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In 1998 Glenn Roberts, a Charleston-based historic restoration consultant and thirty-year veteran of restaurant and hotel concept design, took his career in an entirely new direction.  He founded a company,[…]

As our disconnection from food grows more dissatisfying, the slow food movement is gaining steam.

Question: Why has the idea of “slow food” regained popularity?

Glenn Roberts: I don’t think slow food ever went away; itrn just was on the fringe.  I think everybody remembers Quaker Oats took rn45-minutes-to-an-hour to cook, if they’re my age.  And now they take 30 rnseconds in a microwave.  And I think that if that’s particular right rninside of the things I do because oats are a phenomenal part of the rnrotations of the crops we grow.  But I use that a lot.  Not because rnQuaker is evil, but because that’s a good representation of how we saw rnfood move from post-World War II until the middle '90s.  And I think rnthat other people would see it as, "Oh fast food and fast food chain rnrestaurants" and they tie it immediately to food disease-related rnissues.  I just see it as a diminishment of flavor over time.  I see rnthese pop and crackle flavors I was always involved in the food rnproduction industry in hotels and restaurants.  So, I saw chefs, as a rnrule, abandoning these multi-day stock reduction systems for cuisine andrn moving into systems that didn’t require that to save labor, save food rncosts—it actually is more expensive to not make stocks, but they were rnthinking they were saving food costs.  And I watched that entire wave rnhappen while still the classics were still being taught worldwide.  You rnknow, stock is endemic to civilization, it is not something we thought rnup to have a fine French restaurant.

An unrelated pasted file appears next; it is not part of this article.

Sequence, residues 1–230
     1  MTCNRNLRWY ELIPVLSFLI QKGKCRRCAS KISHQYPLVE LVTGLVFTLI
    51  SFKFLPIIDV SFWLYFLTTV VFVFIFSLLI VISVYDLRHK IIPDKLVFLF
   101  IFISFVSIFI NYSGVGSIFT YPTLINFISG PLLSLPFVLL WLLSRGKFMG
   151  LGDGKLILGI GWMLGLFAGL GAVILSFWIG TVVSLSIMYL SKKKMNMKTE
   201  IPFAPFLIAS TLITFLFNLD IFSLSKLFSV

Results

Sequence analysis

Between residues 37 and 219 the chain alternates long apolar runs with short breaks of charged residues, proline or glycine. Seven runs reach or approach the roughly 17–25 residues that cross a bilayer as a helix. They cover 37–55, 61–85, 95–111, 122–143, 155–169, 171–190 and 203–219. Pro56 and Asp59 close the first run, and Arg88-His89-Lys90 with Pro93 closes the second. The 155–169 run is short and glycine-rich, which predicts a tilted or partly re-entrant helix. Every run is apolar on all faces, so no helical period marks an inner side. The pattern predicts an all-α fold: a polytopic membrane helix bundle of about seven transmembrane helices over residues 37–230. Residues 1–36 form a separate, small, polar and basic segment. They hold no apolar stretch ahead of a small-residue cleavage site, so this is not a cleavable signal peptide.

And as I see the movement rnto then step away from trying to abbreviate things and as I watched rnpeople start to put the moniker together, Carlo Petrini being I guess rnthe first person that really popularized the idea, it was actually an rnoutgrowth, I think more from the fact that we didn’t want to lose rnsomething than the fact that we were losing something.  A lot of people rnjust assumed that we didn’t want to lose something, whereas my interest rnin what happened with the people who did slow food and became interestedrn in slow food was, they thought they were retrieving something.  And rnthe, I think, deep will to have some sort of authentic and meaningful rnnutrition is really where all this lives.  And the word “authentic” has rnbeen beat to death so I hate to use it.  So we could try for something rnelse, which would be there is a certain sort of marker over time for thern kinds of experiences that gives you sustenance and well being.  And we rntalk about the idea of slow cooking, capturing that well being because rnit doesn’t blow so much out of food. When you don’t put fast heat to rnsomething, just mechanically, there’s more there when you’re done rncooking than if you try to cook the same thing in five minutes versus rncooking it in an hour. 
rnAnd there’s a lifestyle that goes with that, learning to be conscious rnwhile not present that goes with it, and I think that that idea then rnwould be... it’s highly feminine because it’s multi-layered and the rnmulti-phasic individuals on the planet usually are women.  It comes to rnthem naturally, men not so much.  But the idea then that cooking can rnbecome something you can do many, many different things at once without rntending to any one thing at any one time.  And I think that is actually rnthe draw.  I think people became bored with the idea that they were rndelivered everything and it became... they became—that’s the other thingrn that gets beat to death—we’re disconnected from our foods.  Well, we rnwere disconnected from the process too; that the chef’s are not doing rnstock and all that.  That all came about with the word "instant" and I rnthink that’s pretty much the zeitgeist.  If it was instant, well then rnyou say, what’s next?  And if you haven’t thought that through really, rnreally well, you get boredom.

Recorded on April 28, 2010
Interviewed by Priya George